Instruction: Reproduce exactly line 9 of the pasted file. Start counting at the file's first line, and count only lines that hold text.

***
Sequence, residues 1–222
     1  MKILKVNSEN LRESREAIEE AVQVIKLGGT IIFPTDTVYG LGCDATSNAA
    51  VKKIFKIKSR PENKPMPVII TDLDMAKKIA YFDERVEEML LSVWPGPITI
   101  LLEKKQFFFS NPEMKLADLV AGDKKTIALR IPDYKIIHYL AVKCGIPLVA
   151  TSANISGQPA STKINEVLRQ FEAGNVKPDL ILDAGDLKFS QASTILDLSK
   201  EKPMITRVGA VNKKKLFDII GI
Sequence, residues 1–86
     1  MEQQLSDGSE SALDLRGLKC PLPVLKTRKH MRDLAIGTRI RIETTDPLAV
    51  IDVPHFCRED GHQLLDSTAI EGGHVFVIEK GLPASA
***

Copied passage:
    51  IDVPHFCRED GHQLLDSTAI EGGHVFVIEK GLPASA